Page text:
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Monday, 6 August 2018

Bowsprit Construction

I've been asked a few times about the bowsprit on Gratitude. I thought I'd written this up, but hadn't, so here goes. Better late than never.

The bowsprit and spinnaker project was finished last year and has been a success. The asymmetric is not perfect, but does pull well at true wind angles around 135°. Once moving at 6 to 8knts, the apparent moves forward and the wind is almost on the beam and the sail works well. I've hit 14.3knts (yes that's out of control). On flat water it really moves well, even in light winds. Last weekend I sailed over 36nm in a swell using the asymmetric. I did take it down for a bit as we were starting to go too fast (10knts), we put it back up as things settled again. We averaged around 6knts over the ground. The sprit worked perfectly despite the visible flexing under some force.

The sprit is made from an old wind surfer mast section. The lower part of a mast is ideal and really strong. I experimented with the thin end, and snapped it like a twig!
I got the mast by asking if anyone had old masts to spare on a local windsurfing Facebook page. To fit the mast, I set it up on land to check the angles and position.
The angle from the front beam and under the bridle works well. It needs to be fixed under bride, at the beam to stop it moving left to right, and it needs guys to resist the upward and left right forces at the front end.

Fixing at the beam

The fixing at the beam works because the spirt is pulled back hard towards the beam by the guys. I used a solid rubber dog ball from a pet shop to make a foot to fit over a feature on the front beam's web. Here's the arrangement set up using a prototype wooden foot.
I cut a slot into the dog ball using a router.
Next I cut a circular slot on the other side to seat the rim of the tube into. I cut this using a core drill.
I pushed the tube into the slot which was first filled using a hot glue gun. 
This fixing cushions the sprit and locates it on the font beam once the guys pull the sprit back hard. Also, in extreme situations, like a broach, the foot pulls to one side and out so that everything comes undone, which is better than breaking the pole.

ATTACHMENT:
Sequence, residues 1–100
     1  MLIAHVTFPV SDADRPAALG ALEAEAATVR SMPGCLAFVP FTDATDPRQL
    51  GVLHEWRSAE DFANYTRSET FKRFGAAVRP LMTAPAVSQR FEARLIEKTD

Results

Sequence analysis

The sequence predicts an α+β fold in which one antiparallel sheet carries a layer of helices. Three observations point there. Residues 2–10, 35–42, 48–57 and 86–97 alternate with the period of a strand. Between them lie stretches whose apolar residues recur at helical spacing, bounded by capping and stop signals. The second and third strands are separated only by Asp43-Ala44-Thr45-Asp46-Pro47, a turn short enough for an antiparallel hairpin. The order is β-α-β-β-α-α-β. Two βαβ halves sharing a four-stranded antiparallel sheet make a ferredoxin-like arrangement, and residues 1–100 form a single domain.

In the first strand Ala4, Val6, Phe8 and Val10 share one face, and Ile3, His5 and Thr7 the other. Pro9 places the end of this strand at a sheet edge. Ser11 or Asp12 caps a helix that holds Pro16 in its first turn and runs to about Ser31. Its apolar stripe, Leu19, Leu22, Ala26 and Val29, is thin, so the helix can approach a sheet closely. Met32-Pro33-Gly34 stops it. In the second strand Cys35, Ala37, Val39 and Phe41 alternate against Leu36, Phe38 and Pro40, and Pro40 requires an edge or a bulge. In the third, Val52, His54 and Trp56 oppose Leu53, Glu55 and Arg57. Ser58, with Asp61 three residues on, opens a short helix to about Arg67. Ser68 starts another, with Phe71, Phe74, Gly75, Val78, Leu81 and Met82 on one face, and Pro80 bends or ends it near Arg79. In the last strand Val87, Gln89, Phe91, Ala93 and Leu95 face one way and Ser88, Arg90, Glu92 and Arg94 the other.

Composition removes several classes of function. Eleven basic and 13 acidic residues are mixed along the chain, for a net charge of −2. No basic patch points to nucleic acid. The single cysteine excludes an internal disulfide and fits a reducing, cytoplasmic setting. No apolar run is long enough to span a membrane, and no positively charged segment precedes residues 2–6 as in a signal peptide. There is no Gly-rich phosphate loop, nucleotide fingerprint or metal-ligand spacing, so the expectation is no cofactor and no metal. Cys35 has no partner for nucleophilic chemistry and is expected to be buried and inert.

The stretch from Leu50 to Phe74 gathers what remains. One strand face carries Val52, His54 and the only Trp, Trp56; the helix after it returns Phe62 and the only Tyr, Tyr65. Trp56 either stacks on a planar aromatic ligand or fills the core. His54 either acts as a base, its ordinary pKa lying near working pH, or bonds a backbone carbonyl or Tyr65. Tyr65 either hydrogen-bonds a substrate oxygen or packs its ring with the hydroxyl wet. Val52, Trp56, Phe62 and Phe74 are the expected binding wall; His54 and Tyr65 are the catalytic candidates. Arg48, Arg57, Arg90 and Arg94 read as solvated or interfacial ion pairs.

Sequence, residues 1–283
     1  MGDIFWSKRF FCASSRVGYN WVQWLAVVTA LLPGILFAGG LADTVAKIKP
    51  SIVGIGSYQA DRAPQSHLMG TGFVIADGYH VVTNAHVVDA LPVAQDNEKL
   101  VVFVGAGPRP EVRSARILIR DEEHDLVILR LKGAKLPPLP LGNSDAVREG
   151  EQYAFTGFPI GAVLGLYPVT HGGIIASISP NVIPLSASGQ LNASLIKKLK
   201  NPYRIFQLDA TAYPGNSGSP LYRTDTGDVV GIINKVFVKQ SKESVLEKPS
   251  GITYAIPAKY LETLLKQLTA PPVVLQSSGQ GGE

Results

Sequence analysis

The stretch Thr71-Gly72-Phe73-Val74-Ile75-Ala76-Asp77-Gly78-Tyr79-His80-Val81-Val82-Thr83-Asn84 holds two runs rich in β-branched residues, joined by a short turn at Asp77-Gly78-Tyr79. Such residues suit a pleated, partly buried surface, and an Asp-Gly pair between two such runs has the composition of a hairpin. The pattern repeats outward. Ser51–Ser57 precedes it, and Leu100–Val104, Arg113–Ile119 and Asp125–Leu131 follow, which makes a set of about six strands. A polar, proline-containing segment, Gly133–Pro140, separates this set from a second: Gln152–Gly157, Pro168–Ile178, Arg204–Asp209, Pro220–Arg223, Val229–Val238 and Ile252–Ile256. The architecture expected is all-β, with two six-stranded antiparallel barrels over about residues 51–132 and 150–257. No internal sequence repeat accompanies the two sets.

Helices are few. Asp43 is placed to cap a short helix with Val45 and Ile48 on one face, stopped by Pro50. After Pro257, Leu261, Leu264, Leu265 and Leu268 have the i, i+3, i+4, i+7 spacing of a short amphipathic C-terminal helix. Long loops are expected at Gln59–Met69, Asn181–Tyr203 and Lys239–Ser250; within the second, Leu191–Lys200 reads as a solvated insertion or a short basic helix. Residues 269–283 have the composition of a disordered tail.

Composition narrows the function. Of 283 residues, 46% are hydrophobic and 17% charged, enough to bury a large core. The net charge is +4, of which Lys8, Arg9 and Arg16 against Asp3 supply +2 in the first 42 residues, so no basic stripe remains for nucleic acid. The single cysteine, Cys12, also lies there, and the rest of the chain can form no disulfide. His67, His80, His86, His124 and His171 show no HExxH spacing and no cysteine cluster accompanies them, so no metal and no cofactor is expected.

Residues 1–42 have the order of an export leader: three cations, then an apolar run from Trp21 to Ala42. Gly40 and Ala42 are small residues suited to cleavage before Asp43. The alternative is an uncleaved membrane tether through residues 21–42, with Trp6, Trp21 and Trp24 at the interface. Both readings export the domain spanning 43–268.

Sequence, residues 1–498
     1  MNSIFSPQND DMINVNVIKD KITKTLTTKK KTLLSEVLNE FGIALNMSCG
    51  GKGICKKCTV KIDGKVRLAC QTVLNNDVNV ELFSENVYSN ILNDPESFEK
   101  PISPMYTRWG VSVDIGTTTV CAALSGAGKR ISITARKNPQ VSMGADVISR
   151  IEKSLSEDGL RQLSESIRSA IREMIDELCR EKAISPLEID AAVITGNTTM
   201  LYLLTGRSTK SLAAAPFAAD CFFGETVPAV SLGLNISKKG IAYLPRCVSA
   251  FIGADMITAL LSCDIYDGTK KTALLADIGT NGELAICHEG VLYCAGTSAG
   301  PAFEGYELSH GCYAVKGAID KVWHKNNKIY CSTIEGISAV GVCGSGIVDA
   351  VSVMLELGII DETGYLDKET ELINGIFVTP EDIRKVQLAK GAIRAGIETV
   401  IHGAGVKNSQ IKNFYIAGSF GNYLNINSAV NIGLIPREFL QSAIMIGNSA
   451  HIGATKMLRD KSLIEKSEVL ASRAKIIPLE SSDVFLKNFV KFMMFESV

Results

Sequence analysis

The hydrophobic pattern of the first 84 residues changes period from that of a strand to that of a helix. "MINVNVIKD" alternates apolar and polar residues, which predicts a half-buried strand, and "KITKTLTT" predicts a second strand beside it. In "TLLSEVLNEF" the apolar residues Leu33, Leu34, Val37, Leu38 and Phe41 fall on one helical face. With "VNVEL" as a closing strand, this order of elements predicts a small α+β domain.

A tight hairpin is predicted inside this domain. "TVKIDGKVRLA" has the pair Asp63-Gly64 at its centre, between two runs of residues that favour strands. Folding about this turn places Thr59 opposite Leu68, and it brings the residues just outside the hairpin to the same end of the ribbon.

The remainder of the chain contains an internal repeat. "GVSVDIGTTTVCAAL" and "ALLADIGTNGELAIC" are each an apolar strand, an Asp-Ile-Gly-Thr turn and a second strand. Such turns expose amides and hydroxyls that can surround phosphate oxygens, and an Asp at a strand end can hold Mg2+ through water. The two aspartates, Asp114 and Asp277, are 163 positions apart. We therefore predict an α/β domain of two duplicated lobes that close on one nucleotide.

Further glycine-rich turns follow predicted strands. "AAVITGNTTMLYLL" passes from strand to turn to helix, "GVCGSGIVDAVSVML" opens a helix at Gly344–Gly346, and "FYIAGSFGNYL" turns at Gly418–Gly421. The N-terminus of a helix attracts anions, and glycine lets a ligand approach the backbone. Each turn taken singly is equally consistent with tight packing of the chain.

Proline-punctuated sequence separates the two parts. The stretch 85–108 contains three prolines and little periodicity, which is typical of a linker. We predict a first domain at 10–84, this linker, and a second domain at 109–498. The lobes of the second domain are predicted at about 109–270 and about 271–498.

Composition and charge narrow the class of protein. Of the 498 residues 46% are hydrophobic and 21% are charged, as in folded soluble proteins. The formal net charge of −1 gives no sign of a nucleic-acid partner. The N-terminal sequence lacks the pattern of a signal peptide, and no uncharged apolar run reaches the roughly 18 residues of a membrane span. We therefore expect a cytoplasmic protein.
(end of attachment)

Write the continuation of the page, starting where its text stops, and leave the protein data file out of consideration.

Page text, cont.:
Fixing at the bridle

This fixing is a simple lashing arrangement. I feel it could be improved with some kind of a seat under the bridle to sit the sprit into, however its simplicity is appealing. Here's a test version of a lashing.


The guy line arrangement key to the design. It runs from the steel bridle U-bolt on one bow to a pad eye on the underside of the tip of the sprit, down the length of the spirt to a highfield tensioner and back to through the pad eye and down to the other bow U-bolt. 

Here's the pad eye which is pop-riveted to the spirt using stainless rivets.
Also shown is the up-standing block for the tack line which connects to the tack on the spinnaker. Note the both fittings are riveted, and a plastic insulating tape is used to isolate the metal from the carbon sprit. This is to reduce the possibly of galvanic action, which I'm told can affect carbon/metal interfaces.

The guys are 3mm dynemma. The design relies on the minimal stretch. Another important addition to the design is a knot in the guy cord to create a loop for the highfield. This stops the guy line slipping through the pad eye and highfield as the sprit is pulled side to side. Here's the highfield which was bolted to the tube, again with insulating tape at the interface. It's positioned close enough to the end to allow me to get the nuts in place on the inside.
The loop goes over the highfield hook and when pulled back the sprit is forced onto the front beam and the tension in the guy stops the tip of sprit lifting up or moving side to side. The tension in the dyneema is significant. It takes all my strength to pull the level over and the snap back as it goes over-centre runs the risk of catching fingers. The dyneema is so good that after a season, it was still tight.

Here's the knot in the guy cord shown on the fitted sprit.
I clipped the guy lines to the bow U-bolts using stainless steel snap hooks.
Spring Snap Hook - Stainless Steel Marine Grade 316
I could do with some extra pictures of the whole thing, and I'll try to get some. For now, just get in touch if you have any questions.

Here's the finished product complete with the asymmetric.